Pittsburgh Opera will correct a glaring absence in its repertoire when it presents Giuseppe Verdi’s “Otello” for the first time in nearly a quarter-century at performances starting Nov. 8.
“Otello” is one of three operatic masterpieces Verdi wrote after he “retired.” (The others are “Aida” and “Falstaff.”) It is based on William Shakespeare’s play “Othello,” about a Moorish leader of an Italian city-state at the height of his powers who is brought down by the underling Iago’s shrewd plot that incites unjustified jealously of his young wife.
Pittsburgh Opera will present “Otello” at performances Nov. 8, 11, 14 and 16 at the Benedum Center, Downtown. The Nov. 14 performance will start at 7:30 p.m., a half-hour earlier than Friday-night performances had in the past.
“The most amazing thing about ‘Otello’ is how organically the piece flows,” music director Antony Walker says. “Verdi has reached the stage in his 70s, where he’s such a master of his craft that it’s all linked together so seamlessly. From the first thunderclap of the storm, you’re completely captured by the forward motion of the opera.”
The conductor is struck by the opera’s melodic and harmonic sophistication, which serves his lifelong concern with “tinta,” color.
“This piece has its own color, emotional color and romantic color,” he says. He points to the opening scene, which combines the function of prelude, storm and chorus into one and is harmonically uncentered until Otello’s ship is first seen approaching.
It is a special delight for stage director Kristine McIntyre to work on “Otello” because she studied Shakespeare at Oxford University in England. She is far from alone in believing that Arrigo Boito’s libretto is the best adaptation of a Shakespeare play for the operatic stage.
“When one is working with great source material based on Shakespeare and a very good adaptation, we’re already ahead of the game,” she says.
A key element in her characterization of the drama is an age difference between Otello and his wife, Desdemona.
“I think Otello is a middle-aged warrior who never thought he would have this great love in his life. Desdemona, who is much younger, is his last chance,” McIntyre says. “But this also helps us understand why he would (be susceptible to thinking), wrongly, that Cassio, who is Desdemona’s age, is having an affair with her.”
Tenor Carl Tanner loves “Otello” but is looking forward to playing the title role with extra anticipation after working on the piece with Pittsburgh Opera.
“What’s different that I like about this production is that we’re actually delving into the characters,” he says. “I know that sounds like what you should do, but in two of the three times I did it before, it was just the music on the page.”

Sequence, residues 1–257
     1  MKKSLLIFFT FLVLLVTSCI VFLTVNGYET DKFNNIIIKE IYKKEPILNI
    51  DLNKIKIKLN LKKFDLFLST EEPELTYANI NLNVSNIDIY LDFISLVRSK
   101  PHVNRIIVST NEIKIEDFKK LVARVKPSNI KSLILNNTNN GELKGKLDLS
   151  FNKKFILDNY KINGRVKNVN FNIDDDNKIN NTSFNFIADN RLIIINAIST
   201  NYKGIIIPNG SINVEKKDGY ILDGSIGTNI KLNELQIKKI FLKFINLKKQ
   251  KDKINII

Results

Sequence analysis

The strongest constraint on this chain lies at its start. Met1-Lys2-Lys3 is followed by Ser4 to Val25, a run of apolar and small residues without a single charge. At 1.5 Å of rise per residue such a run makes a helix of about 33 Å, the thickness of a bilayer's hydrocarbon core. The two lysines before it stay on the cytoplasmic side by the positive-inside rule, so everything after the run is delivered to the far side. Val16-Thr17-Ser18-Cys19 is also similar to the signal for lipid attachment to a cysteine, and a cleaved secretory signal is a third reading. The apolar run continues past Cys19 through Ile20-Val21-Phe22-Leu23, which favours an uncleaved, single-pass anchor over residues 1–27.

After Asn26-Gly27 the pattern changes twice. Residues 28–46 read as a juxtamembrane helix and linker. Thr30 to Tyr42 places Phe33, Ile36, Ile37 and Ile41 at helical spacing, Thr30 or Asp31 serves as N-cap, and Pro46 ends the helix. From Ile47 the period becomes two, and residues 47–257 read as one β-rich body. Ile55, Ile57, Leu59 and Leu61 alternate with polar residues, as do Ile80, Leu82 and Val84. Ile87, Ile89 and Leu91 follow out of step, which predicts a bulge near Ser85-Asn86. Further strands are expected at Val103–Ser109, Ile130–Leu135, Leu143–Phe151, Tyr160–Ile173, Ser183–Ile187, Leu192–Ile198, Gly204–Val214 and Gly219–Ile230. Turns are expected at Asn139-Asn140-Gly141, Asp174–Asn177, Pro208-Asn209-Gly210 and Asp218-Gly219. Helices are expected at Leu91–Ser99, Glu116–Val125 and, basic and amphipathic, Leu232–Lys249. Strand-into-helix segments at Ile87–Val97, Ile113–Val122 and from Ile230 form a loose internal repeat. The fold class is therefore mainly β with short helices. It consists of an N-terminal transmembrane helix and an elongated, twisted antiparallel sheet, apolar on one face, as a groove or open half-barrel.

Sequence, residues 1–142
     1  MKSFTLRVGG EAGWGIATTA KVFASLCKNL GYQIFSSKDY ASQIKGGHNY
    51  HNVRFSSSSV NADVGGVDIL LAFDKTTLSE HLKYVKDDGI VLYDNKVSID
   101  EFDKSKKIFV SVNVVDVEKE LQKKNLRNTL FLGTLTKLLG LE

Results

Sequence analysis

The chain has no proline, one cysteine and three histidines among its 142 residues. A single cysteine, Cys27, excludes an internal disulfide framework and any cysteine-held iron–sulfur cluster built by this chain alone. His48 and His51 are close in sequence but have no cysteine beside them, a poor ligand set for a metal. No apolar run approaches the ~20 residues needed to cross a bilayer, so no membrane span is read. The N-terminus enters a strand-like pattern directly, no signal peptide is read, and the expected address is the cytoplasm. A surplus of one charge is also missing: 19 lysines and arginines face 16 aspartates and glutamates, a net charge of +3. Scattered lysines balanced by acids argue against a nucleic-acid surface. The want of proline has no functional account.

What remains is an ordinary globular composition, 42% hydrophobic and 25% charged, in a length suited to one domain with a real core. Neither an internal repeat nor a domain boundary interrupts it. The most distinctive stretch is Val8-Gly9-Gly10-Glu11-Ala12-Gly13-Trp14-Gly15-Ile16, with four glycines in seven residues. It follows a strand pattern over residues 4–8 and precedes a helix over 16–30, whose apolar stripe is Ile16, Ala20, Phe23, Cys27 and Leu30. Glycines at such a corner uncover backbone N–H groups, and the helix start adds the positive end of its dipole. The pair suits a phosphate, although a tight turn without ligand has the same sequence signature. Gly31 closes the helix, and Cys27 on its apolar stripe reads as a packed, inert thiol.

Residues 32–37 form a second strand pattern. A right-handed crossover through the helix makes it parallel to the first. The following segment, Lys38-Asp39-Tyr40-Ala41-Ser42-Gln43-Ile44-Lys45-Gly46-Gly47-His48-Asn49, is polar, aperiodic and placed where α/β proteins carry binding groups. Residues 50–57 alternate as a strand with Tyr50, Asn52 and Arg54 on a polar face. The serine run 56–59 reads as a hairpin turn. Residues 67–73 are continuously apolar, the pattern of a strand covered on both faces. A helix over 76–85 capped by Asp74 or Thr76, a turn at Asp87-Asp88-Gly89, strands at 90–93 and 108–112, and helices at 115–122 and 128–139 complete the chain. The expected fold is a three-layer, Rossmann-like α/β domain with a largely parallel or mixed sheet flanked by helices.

He agrees with McIntyre’s view that Otello is much older than his wife, in his 40s while she’s in her 20s.
“He is a jealous man. We are all jealous,” Tanner says. “It’s brought on by insecurities. He was a great warrior, great thinker, great poet, but he’s insecure just like any other human being. Within this opera, that brings about his downfall.”
Soprano Danielle Pastin finds Shakespeare’s play helpful in understanding her character Desdemona, who she’s singing for the first time.
“We had to read the play in school, but in rereading it, I was reminded of how strong Desdemona is,” Pastin says. “Unfortunately, we don’t get a lot of the back story in the opera. The play put into perspective why it takes her so long to realize that something is terribly wrong with Otello. But it is also a reflection of her strength that she loves this man and is fighting to keep things together.”
Her favorite part of her role — apart from the last act, which includes the “Willow Song” and “Ave Maria” — is the second act “at the start of all the handkerchief business (the linchpin of Iago’s plot) because it’s really fun to sing. It’s rock-star operatic singing.”
As a baritone, Anthony Michaels-Moore is used to playing villains, though Iago is in a class by himself.
“We tend to have the most interesting and colorful music,” he says. “It isn’t just about beauty of sound. It’s about intelligence and color and making the villain as multifaceted as possible. The beauty of this particular opera is there are so many opportunities for vocal color and imagination.”
He says the wickedness of Iago is magnified because we don’t know what makes him tick.
“We know he’s been passed over for promotion, but that isn’t justification for the terrible plot he unleashes,” Moore says. “The element of the unknown makes him fascinating, frightening, sort of like Hannibal Lecter.”
Mark Kanny is classical music critic for Trib Total Media. He can be reached at 412-320-7877 or email@example.com.